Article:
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Ways to box an int  RSS feed

 
Dotan Cohen
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Is there a difference in boxing ints with these two methods?

Integer Ix = new Integer(x);
Integer Ix = Integer.valueOf(x);

Which is preferable? Thanks.
 
Rob Spoor
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The second one is better, as it uses a cache of Integer objects for certain values; -128 to 127 are guaranteed, and it's possible to extend the upper bound of this range through a system property.
 
Dotan Cohen
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Rob Spoor wrote:The second one is better, as it uses a cache of Integer objects for certain values; -128 to 127 are guaranteed, and it's possible to extend the upper bound of this range through a system property.


Thanks, Rob!
 
Jesper de Jong
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You can ofcourse let the compiler do the boxing automatically, by writing something like this:

The compiler changes this automatically to a call to Integer.valueOf(), so the line above works exactly the same as:

I'd make use of autoboxing and not do the boxing manually, because it allows you to keep your code shorter and more clear - and the compiler will automatically choose the most efficient method to box the value for you.
 
Dotan Cohen
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Jesper de Jong wrote:You can ofcourse let the compiler do the boxing automatically


I could, but then I wouldn't be learning very much!

I do like autoboxing, but autounboxing is problematic as the value could be NULL. Therefore I try to avoid autounboxing if possible, just to make the code explicit about what is happening (easier to find bugs that way). Is there some directive or statement that can disable autounboxing? I do have Eclipse set to warn on autounboxing.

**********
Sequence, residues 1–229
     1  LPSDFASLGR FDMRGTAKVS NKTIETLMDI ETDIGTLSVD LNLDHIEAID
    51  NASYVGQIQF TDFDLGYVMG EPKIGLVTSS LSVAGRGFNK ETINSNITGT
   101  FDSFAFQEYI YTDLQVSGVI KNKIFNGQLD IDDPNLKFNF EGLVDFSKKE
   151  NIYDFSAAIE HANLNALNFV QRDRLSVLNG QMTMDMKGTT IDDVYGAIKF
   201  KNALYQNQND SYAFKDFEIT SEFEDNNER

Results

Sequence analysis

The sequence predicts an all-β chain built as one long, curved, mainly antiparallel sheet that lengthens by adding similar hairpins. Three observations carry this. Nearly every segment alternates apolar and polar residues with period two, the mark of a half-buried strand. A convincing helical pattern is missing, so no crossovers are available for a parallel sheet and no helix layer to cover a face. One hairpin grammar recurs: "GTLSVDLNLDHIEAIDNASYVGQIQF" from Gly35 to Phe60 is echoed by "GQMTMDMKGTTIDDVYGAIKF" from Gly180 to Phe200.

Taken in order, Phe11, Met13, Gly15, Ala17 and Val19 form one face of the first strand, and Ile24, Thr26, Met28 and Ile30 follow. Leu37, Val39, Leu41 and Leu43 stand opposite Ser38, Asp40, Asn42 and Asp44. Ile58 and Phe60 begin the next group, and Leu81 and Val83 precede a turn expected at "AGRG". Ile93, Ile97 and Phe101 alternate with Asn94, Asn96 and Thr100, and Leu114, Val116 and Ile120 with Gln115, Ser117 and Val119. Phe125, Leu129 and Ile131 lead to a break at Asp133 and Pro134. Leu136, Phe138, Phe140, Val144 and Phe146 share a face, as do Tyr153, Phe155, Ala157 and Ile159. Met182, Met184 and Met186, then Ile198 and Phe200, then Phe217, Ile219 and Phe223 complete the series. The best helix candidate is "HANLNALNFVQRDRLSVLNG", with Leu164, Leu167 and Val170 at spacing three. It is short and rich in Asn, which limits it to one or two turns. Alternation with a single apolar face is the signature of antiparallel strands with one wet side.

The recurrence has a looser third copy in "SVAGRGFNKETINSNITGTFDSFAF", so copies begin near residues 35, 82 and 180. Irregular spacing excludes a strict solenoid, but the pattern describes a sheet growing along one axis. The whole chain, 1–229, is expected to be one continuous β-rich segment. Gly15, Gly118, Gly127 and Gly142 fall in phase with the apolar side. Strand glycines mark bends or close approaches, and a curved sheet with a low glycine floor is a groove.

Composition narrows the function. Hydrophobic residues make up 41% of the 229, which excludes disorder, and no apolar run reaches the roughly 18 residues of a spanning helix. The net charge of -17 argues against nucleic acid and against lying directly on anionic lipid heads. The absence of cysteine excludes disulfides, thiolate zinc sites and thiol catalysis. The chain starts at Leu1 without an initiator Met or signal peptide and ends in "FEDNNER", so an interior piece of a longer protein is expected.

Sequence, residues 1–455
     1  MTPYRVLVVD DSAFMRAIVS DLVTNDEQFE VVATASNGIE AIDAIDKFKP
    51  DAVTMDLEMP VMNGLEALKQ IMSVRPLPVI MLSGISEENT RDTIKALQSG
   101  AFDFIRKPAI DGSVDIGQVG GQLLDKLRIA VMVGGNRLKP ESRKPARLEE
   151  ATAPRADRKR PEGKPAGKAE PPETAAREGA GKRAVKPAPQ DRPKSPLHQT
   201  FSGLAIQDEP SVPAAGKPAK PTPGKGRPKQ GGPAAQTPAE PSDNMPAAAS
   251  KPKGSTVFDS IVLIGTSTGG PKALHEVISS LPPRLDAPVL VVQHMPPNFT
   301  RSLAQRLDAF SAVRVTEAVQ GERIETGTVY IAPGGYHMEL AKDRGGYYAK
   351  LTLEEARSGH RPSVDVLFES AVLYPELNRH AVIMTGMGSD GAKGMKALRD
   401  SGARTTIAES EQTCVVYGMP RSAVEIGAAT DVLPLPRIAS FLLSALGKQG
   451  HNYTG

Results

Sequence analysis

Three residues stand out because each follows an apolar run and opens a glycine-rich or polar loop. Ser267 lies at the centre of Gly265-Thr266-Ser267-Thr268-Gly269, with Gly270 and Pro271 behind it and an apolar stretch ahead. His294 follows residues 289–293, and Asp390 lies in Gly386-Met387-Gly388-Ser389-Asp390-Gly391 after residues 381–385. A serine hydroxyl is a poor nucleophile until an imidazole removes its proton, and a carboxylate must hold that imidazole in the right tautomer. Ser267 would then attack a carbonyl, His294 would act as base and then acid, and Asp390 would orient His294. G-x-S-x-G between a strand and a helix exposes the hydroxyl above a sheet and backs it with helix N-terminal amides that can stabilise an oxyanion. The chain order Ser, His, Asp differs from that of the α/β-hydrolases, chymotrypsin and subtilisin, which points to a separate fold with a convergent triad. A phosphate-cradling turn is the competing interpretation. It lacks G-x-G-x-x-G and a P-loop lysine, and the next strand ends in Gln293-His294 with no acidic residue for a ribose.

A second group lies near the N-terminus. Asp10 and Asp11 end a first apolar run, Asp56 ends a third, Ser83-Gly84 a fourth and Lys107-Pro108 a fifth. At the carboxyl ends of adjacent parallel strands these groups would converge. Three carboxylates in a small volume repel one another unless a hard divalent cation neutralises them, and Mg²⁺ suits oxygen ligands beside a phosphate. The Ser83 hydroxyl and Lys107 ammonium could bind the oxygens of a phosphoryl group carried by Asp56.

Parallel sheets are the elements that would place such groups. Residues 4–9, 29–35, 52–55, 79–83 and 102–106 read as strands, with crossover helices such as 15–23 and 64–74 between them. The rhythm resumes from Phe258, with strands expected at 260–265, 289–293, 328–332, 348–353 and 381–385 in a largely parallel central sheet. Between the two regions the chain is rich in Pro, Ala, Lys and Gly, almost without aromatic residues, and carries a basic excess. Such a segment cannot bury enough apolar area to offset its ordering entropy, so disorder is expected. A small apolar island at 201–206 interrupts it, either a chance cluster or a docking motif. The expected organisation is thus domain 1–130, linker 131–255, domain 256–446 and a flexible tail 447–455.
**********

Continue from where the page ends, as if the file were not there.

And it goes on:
Thanks.
 
Campbell Ritchie
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You need to make sure that you don't allow nulls (not "NULL") into your code in the first place. Make sure every Integer (or other wrapper) field is initialised in the constructor, and not to null. It is not so bad with local variables or parameters; the compiler will not permit uninitialised local variables, and any boxed ints must have a value, so the only way you can get a null Integer is like thisThe answer to that is to get yourself a method to check for nulls.
 
Dotan Cohen
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Campbell Ritchie wrote:You need to make sure that you don't allow nulls (not "NULL") into your code in the first place.


I agree with the diligence, but I still insist on being defensive. I would rather add another line of code and not have the user get an NPE due to some corner-case which I missed. Bugs happen!
 
Rob Spoor
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I agree with Dotan, I also have setup Eclipse to warn about auto-boxing and auto-unboxing. Not only does it help me identify NPEs faster, it also helps me prevent boxing when it's not necessary (because of a typo). Especially in one project there are some classes that have methods getLongValue and getlongValue, the first one returning a Long and the second a long. It's quite easy in that case to use getLongValue and assign the return value to a long, thereby unnecessarily first boxing and then unboxing.
 
Campbell Ritchie